Q235  Peter Viggers: On a previous occasion, I raised with you, Mr Tiner, I remember, the issue that some insurance institutions, notably Lloyd's, were trading on the basis that they would enter into insurance with the contract details to be written later. I recall that you shared my incredulity that any organisation could operate in that way. Are you able to give us a progress report on any manner in which you have been able to encourage an improved practice of having contractual terms clear at the time?

  Mr Tiner: Absolutely. This is the challenge to the wholesale insurance market, to create some contract certainty by December this year. At the last count, which I think was at the end of June, something like 80% of contracts in the Lloyd's and London market insurance market were being issued within 30 days of the cover being agreed. The operating models around how slips were signed in Lloyd's and how they translated into policies—which is the old problem—have been significantly re-engineered to allow these policies to emerge. I think we have seen a sea change in that. What is interesting is that this is a problem that exists around the world but it is not something that other regulators and other markets seem to be addressing. It has just become a malaise in the insurance industry globally that they allow this sort of thing to happen. London will gain competitive advantage from providing much more contract and more legal certainty in relation to the policy than other centres ultimately.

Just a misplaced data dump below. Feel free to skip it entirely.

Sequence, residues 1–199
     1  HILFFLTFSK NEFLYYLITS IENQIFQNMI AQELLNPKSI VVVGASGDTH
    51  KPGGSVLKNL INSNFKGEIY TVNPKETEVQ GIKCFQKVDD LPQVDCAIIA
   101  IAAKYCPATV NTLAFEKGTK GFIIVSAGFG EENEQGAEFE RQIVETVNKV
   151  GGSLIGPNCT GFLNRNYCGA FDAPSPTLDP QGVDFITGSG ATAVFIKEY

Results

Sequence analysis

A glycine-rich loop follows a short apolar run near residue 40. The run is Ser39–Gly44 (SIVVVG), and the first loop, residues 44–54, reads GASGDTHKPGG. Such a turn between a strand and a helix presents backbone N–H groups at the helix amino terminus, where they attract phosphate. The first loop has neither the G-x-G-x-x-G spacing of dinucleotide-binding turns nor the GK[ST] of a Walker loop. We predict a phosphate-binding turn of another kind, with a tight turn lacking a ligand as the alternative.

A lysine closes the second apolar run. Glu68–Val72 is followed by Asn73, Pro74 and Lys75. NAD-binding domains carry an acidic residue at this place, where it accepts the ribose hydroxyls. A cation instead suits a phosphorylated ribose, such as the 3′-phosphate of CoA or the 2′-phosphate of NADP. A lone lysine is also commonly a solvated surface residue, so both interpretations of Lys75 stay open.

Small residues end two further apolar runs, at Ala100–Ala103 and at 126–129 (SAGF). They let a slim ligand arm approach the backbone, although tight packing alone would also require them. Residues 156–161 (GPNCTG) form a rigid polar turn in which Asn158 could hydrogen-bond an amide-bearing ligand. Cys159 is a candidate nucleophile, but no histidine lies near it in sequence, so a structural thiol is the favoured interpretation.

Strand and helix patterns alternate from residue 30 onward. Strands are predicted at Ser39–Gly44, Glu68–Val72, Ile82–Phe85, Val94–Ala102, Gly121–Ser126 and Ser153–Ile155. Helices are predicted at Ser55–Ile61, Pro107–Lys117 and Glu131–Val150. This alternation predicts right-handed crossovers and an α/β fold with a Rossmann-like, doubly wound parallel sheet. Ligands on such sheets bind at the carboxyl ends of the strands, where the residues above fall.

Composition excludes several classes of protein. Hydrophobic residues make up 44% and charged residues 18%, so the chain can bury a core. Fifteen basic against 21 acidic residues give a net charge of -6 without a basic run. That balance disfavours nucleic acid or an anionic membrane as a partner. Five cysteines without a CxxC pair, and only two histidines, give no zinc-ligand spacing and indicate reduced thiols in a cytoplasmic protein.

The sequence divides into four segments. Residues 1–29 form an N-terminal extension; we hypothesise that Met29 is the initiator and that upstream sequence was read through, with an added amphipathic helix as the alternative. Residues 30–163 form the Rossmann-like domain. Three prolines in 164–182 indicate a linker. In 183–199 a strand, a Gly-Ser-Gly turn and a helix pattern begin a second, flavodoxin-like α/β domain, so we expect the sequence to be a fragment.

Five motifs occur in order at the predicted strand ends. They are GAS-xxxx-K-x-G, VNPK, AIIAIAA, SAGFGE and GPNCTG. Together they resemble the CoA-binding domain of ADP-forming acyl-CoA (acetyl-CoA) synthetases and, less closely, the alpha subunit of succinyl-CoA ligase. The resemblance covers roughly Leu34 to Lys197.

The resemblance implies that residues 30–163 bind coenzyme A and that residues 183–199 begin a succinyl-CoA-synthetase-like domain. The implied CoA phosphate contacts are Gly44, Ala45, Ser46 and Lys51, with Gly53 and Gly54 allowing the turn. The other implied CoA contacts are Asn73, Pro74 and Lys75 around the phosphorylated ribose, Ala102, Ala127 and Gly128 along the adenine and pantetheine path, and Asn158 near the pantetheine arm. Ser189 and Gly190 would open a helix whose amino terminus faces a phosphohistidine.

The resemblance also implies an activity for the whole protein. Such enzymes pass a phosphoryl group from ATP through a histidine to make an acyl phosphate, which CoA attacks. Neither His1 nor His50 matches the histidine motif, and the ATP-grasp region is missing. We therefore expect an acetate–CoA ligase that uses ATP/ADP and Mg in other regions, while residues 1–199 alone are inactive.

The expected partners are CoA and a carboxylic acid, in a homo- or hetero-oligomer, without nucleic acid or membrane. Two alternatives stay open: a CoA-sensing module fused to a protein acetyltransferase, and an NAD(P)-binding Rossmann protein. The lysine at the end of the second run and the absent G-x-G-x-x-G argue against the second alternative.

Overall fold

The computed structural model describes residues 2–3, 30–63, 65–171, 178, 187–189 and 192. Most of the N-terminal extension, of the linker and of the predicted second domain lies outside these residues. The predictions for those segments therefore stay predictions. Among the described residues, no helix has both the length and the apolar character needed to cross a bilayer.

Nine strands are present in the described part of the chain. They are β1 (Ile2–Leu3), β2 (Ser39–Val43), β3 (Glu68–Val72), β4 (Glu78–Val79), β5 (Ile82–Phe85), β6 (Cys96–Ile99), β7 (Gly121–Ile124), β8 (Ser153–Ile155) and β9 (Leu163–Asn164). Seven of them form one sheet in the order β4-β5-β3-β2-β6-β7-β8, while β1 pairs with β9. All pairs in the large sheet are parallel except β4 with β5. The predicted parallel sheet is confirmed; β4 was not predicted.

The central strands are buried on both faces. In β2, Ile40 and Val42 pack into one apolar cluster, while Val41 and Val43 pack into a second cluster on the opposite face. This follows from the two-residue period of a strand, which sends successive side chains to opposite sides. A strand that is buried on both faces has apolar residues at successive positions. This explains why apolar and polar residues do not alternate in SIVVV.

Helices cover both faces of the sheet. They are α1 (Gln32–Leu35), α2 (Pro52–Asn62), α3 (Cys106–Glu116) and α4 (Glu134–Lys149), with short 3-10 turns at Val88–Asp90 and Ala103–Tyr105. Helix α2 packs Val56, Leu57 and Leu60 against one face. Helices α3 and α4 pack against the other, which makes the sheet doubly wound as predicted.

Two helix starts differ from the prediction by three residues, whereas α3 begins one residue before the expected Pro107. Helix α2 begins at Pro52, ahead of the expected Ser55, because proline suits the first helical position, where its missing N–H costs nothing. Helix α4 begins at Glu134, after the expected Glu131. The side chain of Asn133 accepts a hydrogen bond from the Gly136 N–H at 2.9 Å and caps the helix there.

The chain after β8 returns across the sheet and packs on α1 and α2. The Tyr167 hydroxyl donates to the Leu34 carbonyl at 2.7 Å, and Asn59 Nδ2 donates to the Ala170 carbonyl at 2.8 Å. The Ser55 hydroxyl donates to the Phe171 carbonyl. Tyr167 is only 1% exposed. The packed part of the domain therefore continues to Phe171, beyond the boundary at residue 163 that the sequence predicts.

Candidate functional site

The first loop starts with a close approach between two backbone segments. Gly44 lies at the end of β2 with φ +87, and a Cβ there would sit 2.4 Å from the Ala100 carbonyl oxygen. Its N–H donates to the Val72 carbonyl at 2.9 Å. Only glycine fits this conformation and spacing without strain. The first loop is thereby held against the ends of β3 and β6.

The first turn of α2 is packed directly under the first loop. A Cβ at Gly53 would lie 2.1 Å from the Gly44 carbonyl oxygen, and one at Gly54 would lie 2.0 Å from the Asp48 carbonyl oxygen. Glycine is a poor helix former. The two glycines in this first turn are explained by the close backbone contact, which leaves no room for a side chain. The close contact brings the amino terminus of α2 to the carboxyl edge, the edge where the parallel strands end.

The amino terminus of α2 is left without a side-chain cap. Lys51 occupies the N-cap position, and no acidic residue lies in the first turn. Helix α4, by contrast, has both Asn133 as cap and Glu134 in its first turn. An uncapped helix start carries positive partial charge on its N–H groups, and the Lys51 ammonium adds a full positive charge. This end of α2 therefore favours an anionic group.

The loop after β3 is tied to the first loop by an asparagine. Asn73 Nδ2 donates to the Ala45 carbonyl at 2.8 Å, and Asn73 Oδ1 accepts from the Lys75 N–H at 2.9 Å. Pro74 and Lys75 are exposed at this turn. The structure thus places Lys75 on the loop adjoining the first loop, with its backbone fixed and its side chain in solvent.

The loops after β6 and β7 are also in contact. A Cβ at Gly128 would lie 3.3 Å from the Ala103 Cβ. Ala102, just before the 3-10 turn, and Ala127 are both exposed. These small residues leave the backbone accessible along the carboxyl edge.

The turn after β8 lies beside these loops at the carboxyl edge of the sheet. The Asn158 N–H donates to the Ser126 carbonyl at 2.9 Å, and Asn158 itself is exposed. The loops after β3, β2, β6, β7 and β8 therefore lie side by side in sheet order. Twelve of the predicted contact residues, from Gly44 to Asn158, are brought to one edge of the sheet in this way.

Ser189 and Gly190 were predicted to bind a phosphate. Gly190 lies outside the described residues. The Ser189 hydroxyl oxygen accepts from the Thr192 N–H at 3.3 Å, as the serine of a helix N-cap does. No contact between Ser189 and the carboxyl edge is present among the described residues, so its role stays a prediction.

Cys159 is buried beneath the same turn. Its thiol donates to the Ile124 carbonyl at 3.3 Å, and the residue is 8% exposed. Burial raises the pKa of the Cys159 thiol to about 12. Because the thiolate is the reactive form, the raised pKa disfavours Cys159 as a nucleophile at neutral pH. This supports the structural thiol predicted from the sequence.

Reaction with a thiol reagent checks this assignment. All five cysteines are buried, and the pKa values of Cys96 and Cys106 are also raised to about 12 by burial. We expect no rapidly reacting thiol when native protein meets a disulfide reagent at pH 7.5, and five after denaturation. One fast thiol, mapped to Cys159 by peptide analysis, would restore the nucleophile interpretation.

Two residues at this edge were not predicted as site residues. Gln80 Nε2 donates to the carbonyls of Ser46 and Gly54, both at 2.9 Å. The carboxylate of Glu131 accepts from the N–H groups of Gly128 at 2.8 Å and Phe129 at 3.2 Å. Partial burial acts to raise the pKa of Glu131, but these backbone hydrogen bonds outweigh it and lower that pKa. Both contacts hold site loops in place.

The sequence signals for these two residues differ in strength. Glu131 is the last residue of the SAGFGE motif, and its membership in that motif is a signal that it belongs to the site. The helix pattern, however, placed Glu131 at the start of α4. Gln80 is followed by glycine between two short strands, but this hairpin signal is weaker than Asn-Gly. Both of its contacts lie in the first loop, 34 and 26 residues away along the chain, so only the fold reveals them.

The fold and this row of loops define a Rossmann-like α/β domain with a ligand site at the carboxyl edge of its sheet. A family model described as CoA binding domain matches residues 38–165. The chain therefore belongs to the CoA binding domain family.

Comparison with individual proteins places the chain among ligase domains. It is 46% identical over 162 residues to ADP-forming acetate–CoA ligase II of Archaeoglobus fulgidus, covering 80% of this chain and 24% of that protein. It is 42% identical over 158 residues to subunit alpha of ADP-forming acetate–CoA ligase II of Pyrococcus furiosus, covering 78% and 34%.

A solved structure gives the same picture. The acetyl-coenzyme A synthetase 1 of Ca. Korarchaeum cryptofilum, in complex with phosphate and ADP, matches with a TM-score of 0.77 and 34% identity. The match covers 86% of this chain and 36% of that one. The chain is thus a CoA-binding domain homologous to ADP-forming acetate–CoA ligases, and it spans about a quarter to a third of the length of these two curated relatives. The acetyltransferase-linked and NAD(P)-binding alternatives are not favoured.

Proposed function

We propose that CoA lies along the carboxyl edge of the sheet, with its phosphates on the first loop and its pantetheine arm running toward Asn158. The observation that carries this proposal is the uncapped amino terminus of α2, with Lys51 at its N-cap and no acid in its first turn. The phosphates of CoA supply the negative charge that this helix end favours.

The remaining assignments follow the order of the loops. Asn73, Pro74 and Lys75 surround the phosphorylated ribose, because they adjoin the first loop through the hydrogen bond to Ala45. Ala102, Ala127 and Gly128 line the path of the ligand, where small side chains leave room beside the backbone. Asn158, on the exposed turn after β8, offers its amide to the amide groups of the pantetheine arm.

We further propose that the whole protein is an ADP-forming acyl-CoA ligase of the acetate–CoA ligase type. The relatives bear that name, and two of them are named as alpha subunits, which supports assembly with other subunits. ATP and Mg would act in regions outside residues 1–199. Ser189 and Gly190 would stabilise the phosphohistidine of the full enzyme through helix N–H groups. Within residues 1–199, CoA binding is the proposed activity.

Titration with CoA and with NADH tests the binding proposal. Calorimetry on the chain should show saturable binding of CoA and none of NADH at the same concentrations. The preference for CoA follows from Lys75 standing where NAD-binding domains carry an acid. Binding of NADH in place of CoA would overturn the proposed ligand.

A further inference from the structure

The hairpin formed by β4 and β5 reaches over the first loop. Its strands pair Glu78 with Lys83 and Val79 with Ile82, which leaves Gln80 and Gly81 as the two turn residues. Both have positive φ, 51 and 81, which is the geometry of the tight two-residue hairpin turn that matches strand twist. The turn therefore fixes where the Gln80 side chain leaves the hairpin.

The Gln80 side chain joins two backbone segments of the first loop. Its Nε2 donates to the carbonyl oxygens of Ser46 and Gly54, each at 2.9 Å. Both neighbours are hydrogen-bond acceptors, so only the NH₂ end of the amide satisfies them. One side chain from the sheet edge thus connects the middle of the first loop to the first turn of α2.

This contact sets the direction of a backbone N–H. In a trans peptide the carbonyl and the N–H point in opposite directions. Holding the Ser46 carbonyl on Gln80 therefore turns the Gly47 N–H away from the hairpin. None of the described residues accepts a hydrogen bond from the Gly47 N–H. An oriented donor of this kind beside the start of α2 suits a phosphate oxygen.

Peter Viggers: Chairman, that is reassuring. Perhaps I should have declared an interest as a residual underwriting name of Lloyd's through Equitas and as Chairman of the Lloyd's Pension Fund.

  Q236  Ms Keeble: In 2005 you found there were problems with the sale of equity release products and you were going to do some follow up. I wonder if you find the practice there has improved, particularly referring to what was found to be the habit of some advisors of advising people to release more equity than they needed and then invest in other products and getting dual commission. So first, in general, and then specifically about that point on which questions were raised.

  Mr Tiner: Yes, we followed that up in June this year with visits to 23 firms who sell and advise on equity release mortgages. We found a generally much better picture than we did the previous year and specifically we found that consumers were not being encouraged to over-borrow and then to invest on the other side and commission gets paid twice. We found very significant improvement there.